Now the best solution would be for each congregation to seek out a willing CFE to help it with its fraud prevention and deterrence! (Here’s a great opportunity for readers who attend houses of worship to volunteer your professional services.) Barring that, small- to medium-size churches should form and train lay audit committees to review transactions yearly. Many large congregations and megachurches should employ external accounting firms that specialize in churches and religious organizations to conduct independent audits or review opinions of financial statements.
Lay audit committees should have no less than three members, and one member should have financial experience. No lay audit committee members should have any direct access to cash, collections or disbursements of the period under review.
The audit committees should carefully review all bank statements, canceled checks, deposit slips, usher cash and check reports from Sunday collections, savings accounts, financial investments and bank reconciliations for possible embezzlement. From those reviews they can trace cash from plate offerings, pledge payments and other designated funds plus review disbursement amounts and documents, approval procedures, selecting of material transactions — both receipts and disbursements — and disbursement invoices.
Other procedures could include a review of insurance coverage and transactions flowing to the general ledger and financial statements. The lay audit committee should give reports to the financial oversight board, church board, members and, if requested, to the denominational ecclesiastical authorities.
Finance committees should implement procedures for segregating duties that include: supervision of the ushers’ activities; requiring two signatures on each check; assigning at least three money counters, each of whom verifies the others’ counts; plus review of vendor invoices, bank statements and the general ledger. Even houses of worship that employ independent accounting firms that conduct a financial statement audit should implement these procedures.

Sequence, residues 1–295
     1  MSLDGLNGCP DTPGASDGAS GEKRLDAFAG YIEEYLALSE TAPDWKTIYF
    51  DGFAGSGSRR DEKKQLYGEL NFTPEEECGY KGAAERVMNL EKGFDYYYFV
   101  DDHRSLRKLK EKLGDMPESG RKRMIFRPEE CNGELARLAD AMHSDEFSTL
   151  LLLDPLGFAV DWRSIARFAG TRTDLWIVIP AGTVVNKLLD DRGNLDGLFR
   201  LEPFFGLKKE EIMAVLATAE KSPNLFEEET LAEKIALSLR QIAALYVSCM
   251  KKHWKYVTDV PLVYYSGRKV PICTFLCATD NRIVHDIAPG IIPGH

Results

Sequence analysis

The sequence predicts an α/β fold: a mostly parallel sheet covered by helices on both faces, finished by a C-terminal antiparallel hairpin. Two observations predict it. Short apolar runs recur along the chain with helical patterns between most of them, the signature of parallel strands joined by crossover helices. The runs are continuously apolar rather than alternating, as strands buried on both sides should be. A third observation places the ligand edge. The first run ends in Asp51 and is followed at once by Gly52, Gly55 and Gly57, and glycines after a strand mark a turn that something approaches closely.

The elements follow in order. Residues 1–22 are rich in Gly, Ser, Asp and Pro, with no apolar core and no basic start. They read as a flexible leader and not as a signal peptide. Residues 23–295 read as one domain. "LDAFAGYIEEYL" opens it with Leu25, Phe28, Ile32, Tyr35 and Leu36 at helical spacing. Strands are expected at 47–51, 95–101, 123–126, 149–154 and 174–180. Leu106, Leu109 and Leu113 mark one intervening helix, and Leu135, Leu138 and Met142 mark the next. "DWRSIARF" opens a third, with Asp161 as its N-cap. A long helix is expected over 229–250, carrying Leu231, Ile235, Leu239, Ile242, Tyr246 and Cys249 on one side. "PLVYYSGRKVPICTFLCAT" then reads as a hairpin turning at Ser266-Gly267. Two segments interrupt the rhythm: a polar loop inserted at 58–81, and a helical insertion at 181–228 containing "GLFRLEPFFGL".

Whatever the size of membership, a house of worship needs levels of supervision that review duties and ensure that the devised procedures are implemented. Top leaders and/or audit committees need to report their findings of implementation levels and segregation of duties performance to the finance committees and ultimately to the boards. These findings should include both paid staff and church volunteers.
Trust in higher power, but cover your bases
I’ve seen churches devastated by fraudsters who were trusted volunteers or members of the clergy. If houses of worship conduct due diligence and implement procedures to prevent and deter fraud, then it can use the money to do God’s work and not line fraudster’s pockets.
Stanley F. Seat, D.Min., J.D., CFE, CPA, is an adjunct professor of business law and taxation at the University of Texas at Arlington, has a specialty practice in fraud and forensics of churches, and is an ordained elder in the Church of the Nazarene. (He’s licensed as a CPA in Texas and Louisiana.)